You could choose to continue chasing diets and food rules until you finally meet your dream weight or body shape. OR, you could choose to find and embrace your true purpose for living which has nothing to do with the way you look. This will likely result in you taking care of your body in a way that allows you to live to your full potential, instead of living to get smaller. Don’t ever feel like you don’t have a choice. YOU get to decide.
While cultural influences may shape your expectations for what your body should look like, you hold the final judgment. We tend to be our own worst critic, being harder on ourselves than we would ever be to others. While it would be great to completely transform the unrealistic beauty standards that exist in society, a better and more effective goal will be to transform your own expectations of yourself.
I encourage you to take time to reevaluate the expectations you have for your body. I subscribe fully to the data we have on set-point theory. This means your body has a predetermined body shape, size and weight that it feels most comfortable at. Fighting against it will get you nowhere. The great paradox is that dieting, the method we use to lower our set-point, only works to increase it therefore causing weight gain long-term.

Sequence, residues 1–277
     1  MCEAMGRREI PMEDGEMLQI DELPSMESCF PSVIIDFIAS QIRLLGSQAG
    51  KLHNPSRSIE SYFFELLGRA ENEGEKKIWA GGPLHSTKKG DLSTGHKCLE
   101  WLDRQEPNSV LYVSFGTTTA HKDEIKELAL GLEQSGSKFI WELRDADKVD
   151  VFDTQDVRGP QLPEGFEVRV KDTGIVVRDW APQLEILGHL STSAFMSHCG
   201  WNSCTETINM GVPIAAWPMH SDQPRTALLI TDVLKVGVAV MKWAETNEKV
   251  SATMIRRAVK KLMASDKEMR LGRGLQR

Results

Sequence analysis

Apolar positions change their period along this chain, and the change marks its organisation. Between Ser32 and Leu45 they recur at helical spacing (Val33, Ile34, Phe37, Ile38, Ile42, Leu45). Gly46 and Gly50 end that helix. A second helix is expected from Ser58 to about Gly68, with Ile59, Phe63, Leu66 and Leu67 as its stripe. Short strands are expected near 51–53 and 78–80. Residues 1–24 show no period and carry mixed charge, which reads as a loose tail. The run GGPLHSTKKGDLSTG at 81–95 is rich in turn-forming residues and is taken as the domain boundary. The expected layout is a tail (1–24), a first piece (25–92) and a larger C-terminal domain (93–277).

Which brings us to the #1 question regarding body positivity – can you be actively pursuing weight loss and claim body positivity? Those in the body positive community, including me, would answer with a resounding no. That doesn’t mean I’m anti weight loss, instead it means I’m weight-neutral. If your body changes as result of you listening, respecting and taking care of it…then there’s that (without any judgment of that being good or bad, it just IS). If it doesn’t, it is no less deserving of being listened to, respected and taken care of.
This is a stance I’ve taken after very careful consideration of the scientific data we have on dieting and what I’ve observed in those I’ve worked with. It’s much too risky to deliberately seek to manipulate your body and casualties often include: disordered eating, food anxiety, depressive symptoms, greater preoccupation with food and body image, lower metabolism, fatigue, digestive issues, disconnection from the body and it’s intuitive signals, increased cravings, and an erosion of self-trust and self-efficacy.